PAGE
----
Sometime in December 2011 I found myself up on top of Rocky Butte on the East side of Portland, OR, where Interstate 205 meets I-84 just before crossing over the mighty Columbia River. I was watching the sunset on this evening. Rocky Butte is one of seven extinct volcanoes that unevenly line the Eastern edge of the city of Portland stretching South to the Clackamas area. All seven offer outstanding views from different perspectives of the Northern Willamette Valley, which stretches all the way down to Eugene, OR. Rocky Butte is the Northern most of these 7 extinct volcanoes, located just South of Portland International Airport.
So, I’m up there one day for the sunset, early, because the sun sets way early in December, and I’m wondering what it would be like to see the sun set from here in the Summer time. Then the mind really started wondering, especially about what it would be like to essentially track the sun setting through out the year as the sun tracks back North and then back South the following year. And I thought wouldn’t that be a neat project? So I decided right then and there to start that project, the very next month. But to be honest it’s difficult, for me anyway, to get some where to take pictures of the sunset. Taking into consideration usually in the afternoons, or evenings, I’m busy doing something. Whether it’s working, hanging with friends, or whatever. I’m a morning person anyway, having looked East while up at Rocky Butte on the fateful day, and seeing the beautiful view of Mt. Hood, I made a commitment to myself to make it up to Rocky Butte 3 – 4 mornings a month for the next 6 months and take pictures of the sunrise behind the beautiful and majestic Mt Hood.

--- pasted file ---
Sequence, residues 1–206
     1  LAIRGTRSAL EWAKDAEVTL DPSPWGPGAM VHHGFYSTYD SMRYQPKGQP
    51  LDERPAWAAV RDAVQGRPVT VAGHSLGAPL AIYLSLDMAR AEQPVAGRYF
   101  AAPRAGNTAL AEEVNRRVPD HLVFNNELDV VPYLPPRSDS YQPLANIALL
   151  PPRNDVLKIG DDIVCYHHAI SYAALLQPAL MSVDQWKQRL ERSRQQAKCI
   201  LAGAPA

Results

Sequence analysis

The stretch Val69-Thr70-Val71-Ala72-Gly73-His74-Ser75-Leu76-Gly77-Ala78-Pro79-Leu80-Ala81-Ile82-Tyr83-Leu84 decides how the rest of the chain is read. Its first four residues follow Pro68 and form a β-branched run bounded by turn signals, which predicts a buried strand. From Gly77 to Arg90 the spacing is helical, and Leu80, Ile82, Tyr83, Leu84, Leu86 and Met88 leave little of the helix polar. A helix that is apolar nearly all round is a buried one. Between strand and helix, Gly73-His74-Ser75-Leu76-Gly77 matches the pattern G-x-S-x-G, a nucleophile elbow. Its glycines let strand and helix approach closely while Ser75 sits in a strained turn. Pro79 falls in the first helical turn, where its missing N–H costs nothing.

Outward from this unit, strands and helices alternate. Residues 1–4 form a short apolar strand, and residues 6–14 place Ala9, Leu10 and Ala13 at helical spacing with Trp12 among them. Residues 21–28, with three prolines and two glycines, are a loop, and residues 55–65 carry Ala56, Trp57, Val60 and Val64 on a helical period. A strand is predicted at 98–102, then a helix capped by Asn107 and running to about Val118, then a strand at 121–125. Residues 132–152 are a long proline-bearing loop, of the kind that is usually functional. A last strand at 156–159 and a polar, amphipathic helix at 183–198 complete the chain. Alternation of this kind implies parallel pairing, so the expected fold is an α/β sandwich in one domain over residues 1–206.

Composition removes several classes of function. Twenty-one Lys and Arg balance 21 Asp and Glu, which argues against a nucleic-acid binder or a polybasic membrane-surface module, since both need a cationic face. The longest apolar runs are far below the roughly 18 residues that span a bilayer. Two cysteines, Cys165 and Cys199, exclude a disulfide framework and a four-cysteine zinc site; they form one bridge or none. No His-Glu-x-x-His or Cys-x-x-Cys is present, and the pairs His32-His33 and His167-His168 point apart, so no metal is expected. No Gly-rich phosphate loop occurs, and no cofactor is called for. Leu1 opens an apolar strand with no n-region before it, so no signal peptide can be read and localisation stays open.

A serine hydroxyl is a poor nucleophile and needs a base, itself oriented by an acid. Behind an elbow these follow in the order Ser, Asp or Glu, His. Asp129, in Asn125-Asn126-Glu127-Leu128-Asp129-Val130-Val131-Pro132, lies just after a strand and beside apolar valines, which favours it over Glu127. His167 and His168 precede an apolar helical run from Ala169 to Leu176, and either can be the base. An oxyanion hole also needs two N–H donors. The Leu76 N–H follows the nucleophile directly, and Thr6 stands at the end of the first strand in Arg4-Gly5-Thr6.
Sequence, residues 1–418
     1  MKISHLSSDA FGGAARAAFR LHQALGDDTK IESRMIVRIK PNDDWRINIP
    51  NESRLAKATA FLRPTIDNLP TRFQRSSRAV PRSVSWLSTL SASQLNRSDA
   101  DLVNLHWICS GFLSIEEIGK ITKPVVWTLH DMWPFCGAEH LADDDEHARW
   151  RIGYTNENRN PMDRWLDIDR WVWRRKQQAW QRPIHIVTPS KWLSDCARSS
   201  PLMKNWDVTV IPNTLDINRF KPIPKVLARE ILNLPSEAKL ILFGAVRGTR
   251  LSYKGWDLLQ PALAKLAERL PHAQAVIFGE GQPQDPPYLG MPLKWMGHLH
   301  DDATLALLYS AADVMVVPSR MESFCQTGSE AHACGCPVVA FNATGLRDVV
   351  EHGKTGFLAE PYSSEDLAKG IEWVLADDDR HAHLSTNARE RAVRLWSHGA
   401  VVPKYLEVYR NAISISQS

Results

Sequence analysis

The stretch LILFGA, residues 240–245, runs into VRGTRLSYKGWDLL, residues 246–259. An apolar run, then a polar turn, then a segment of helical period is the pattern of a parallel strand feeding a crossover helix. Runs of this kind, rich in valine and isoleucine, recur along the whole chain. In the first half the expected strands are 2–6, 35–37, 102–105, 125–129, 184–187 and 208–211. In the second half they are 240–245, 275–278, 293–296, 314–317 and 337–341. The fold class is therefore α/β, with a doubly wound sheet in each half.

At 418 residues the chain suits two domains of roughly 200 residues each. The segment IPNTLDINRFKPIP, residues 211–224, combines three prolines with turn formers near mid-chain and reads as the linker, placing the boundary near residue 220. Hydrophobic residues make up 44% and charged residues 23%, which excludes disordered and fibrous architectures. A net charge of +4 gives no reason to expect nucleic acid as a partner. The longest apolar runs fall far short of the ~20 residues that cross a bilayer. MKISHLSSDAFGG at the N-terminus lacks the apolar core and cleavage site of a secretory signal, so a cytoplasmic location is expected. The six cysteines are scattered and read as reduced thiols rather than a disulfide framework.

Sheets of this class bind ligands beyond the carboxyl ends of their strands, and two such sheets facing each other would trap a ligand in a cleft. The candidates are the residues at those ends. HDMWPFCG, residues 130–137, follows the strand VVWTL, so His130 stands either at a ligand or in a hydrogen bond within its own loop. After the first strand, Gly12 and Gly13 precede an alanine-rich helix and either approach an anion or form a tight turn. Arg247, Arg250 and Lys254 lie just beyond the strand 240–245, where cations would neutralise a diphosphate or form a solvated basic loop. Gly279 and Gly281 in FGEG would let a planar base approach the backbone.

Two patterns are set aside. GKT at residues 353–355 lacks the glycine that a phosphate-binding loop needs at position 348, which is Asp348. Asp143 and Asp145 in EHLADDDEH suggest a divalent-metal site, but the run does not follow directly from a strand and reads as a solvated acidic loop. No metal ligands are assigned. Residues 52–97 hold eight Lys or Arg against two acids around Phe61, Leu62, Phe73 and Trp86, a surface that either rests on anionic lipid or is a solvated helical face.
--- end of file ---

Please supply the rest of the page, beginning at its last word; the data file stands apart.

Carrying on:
I met that commitment, and throughout the year of 2012 I ended heading up to Rocky Butte around 50 mornings. I took well over 5000 digital images of the sun rising in the East, tracking it North as it passed by Mt. Hood all the way North to where I could include Mt. St. Helens in the sunrise image taken during the month of June. Easily 90% of those images are just bad images. Because I took pictures at different settings, the wind was blowing on many mornings, and despite using a tripod, it kept shaking my camera, creating a lot of blurred images; or just the scenery wasn’t very spectacular that morning either filled with fog or clouds. I did manage to create just over 100 images that are included in what I’m now calling my 2012 Portland Sunrise series. I’ve divided those into 3 groups – Mt. St. Helens, Mt. Hood, & Abstracts – Included with this first post, of 3, are 15 of my favorite Abstract Sunrise images, out of the entire 100 images in the series.
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